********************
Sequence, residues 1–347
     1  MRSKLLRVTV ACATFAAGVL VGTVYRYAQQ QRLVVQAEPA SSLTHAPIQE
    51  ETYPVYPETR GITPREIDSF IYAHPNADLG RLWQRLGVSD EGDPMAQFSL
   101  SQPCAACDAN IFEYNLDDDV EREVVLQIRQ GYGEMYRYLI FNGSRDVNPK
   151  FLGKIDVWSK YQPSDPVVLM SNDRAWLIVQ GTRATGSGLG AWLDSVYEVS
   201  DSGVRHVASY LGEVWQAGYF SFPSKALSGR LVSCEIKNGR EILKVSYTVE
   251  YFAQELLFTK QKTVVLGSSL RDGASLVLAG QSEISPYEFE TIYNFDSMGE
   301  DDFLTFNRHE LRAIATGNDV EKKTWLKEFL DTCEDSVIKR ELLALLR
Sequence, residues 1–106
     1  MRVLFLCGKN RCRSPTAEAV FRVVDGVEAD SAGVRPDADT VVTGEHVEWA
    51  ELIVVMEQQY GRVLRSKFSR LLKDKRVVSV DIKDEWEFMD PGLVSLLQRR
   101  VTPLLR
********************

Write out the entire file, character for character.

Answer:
Sequence, residues 1–347
     1  MRSKLLRVTV ACATFAAGVL VGTVYRYAQQ QRLVVQAEPA SSLTHAPIQE
    51  ETYPVYPETR GITPREIDSF IYAHPNADLG RLWQRLGVSD EGDPMAQFSL
   101  SQPCAACDAN IFEYNLDDDV EREVVLQIRQ GYGEMYRYLI FNGSRDVNPK
   151  FLGKIDVWSK YQPSDPVVLM SNDRAWLIVQ GTRATGSGLG AWLDSVYEVS
   201  DSGVRHVASY LGEVWQAGYF SFPSKALSGR LVSCEIKNGR EILKVSYTVE
   251  YFAQELLFTK QKTVVLGSSL RDGASLVLAG QSEISPYEFE TIYNFDSMGE
   301  DDFLTFNRHE LRAIATGNDV EKKTWLKEFL DTCEDSVIKR ELLALLR
Sequence, residues 1–106
     1  MRVLFLCGKN RCRSPTAEAV FRVVDGVEAD SAGVRPDADT VVTGEHVEWA
    51  ELIVVMEQQY GRVLRSKFSR LLKDKRVVSV DIKDEWEFMD PGLVSLLQRR
   101  VTPLLR